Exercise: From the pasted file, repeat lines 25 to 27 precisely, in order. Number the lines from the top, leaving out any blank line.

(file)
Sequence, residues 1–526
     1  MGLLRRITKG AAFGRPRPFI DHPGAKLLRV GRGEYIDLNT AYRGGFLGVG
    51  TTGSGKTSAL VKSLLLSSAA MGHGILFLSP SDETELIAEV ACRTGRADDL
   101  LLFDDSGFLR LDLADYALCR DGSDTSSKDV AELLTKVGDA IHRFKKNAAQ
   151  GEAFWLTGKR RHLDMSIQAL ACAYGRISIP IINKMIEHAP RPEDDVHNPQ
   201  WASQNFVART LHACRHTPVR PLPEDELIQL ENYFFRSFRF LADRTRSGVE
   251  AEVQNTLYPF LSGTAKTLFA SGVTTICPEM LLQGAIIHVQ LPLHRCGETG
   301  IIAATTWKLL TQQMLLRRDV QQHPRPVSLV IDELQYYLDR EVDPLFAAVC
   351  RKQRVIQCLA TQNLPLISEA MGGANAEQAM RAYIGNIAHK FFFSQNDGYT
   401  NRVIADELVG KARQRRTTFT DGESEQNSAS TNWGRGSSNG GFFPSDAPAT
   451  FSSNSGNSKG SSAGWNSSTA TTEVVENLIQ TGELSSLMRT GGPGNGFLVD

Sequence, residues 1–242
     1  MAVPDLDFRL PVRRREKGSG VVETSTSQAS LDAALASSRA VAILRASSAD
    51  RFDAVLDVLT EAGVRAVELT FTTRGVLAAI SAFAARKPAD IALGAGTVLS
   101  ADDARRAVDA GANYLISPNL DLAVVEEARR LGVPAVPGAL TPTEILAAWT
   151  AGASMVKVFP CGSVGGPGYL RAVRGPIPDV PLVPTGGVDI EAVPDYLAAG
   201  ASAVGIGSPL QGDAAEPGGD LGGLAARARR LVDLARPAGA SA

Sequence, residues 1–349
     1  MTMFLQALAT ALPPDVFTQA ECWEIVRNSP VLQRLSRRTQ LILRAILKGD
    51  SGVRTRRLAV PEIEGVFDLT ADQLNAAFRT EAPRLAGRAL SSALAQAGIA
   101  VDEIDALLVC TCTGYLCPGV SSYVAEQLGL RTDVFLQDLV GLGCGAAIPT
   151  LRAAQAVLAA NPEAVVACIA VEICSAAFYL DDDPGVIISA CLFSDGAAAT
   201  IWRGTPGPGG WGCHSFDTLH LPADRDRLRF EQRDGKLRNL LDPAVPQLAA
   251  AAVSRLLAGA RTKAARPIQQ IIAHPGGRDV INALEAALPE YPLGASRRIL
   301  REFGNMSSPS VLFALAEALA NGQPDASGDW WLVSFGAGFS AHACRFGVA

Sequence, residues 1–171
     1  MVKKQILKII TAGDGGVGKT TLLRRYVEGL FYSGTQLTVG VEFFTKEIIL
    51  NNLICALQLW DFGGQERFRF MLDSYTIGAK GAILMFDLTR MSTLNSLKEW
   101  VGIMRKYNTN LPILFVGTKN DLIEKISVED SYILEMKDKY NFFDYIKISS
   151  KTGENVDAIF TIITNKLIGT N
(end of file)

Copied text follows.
   301  REFGNMSSPS VLFALAEALA NGQPDASGDW WLVSFGAGFS AHACRFGVA

Sequence, residues 1–171
     1  MVKKQILKII TAGDGGVGKT TLLRRYVEGL FYSGTQLTVG VEFFTKEIIL